The Mind Talk

The Mindtalk
June marks Father’s Day and Loneliness Awareness Month – illustration of a baby’s hand grasping father’s finger and the words Happy Father’s Day in blue.

It’s Father’s Day this month. A special shout out to all the new dads. Now that we’re in the spotlight over Mom for once (amirite?), I’m reflecting on one of my favorite unexpected blessings of fatherhood: how much I learn from my kids.

What a deadbeat. I’m the one who’s supposed to do the teaching, right? Well, rather than calling them “teachable moments”, how about “timely reminders”, OK?

Here’s my timely reminder for June, which also happens to be Loneliness Awareness Month: “Take a closer listen”.

Let me elaborate: About a year ago, my son wanted to quit swimming lessons. He was six, a good swimmer, and used to love it. But, for whatever reason, he was beginning to push back — making excuses, showing reluctance, asking if he could skip.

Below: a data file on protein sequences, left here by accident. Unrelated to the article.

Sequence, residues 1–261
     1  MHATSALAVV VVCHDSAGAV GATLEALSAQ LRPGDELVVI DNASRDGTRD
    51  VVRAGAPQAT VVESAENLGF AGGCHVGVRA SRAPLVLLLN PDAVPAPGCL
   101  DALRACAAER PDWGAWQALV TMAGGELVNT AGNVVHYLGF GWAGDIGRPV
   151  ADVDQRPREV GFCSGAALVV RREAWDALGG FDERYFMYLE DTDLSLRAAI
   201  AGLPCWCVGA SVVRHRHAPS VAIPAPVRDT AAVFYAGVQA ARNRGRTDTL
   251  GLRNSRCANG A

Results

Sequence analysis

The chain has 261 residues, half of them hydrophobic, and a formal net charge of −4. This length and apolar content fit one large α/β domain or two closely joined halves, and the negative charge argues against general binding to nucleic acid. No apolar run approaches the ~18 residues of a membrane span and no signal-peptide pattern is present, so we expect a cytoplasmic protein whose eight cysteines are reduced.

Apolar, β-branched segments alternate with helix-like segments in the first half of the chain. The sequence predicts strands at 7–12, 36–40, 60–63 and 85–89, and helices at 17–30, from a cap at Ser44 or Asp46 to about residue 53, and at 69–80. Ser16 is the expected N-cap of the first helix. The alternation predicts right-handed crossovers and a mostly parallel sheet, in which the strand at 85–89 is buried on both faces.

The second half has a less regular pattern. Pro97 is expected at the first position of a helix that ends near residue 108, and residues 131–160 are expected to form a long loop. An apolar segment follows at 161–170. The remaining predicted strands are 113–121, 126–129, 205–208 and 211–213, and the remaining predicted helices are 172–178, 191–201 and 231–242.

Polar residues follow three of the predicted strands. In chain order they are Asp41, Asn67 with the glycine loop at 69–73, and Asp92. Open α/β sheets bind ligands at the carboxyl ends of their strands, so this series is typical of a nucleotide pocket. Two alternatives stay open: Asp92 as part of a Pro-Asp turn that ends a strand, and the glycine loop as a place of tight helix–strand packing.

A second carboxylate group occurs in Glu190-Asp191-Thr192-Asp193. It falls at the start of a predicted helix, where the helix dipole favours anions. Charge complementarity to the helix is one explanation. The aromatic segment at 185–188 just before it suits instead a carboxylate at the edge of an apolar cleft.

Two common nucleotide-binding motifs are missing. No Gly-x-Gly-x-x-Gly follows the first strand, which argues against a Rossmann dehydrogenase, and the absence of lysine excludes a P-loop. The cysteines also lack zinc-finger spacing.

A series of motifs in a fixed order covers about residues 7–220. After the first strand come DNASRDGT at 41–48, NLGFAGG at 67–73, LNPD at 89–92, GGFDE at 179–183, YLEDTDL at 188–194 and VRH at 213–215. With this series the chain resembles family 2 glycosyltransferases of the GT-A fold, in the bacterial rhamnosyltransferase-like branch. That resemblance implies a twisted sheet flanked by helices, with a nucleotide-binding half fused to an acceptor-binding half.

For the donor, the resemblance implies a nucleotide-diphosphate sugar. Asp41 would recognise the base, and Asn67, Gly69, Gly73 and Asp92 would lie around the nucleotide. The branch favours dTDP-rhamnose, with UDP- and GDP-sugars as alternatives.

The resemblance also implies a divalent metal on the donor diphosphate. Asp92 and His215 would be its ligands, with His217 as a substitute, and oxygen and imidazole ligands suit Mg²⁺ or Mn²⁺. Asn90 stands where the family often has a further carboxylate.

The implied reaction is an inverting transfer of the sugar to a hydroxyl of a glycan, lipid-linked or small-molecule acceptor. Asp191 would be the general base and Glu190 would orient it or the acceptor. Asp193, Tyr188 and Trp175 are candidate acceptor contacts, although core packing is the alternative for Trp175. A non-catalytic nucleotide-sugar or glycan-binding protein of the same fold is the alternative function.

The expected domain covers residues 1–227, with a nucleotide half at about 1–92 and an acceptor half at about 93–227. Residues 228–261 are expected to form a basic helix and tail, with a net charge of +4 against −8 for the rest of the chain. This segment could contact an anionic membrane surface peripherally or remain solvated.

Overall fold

I remembered this incident while trying to put together this article about new fatherhood and mental health, and encouraging dads to do the things that should be good for them. If you’ve got a new father who’s struggling a bit, feeling confused, distant from his spouse, sidelined, lonely even… what should you tell him?

Conventional wisdom is pretty clear. Bullet-pointable even:

– Talk to your spouse

– Share your feelings

– Ask for help 

Ahem. Yeah… right… Like every man in the world is going to follow that advice. I might as well tell an octopus, “Be a little less wriggly, would ya?”

Traditionally, men can be reluctant to open up about their feelings. Theories abound as to why. Chiefly, boys were taught they must show strength, and that emotions (aside from anger) show weakness. This is perhaps even more prevalent in Asian cities like Hong Kong.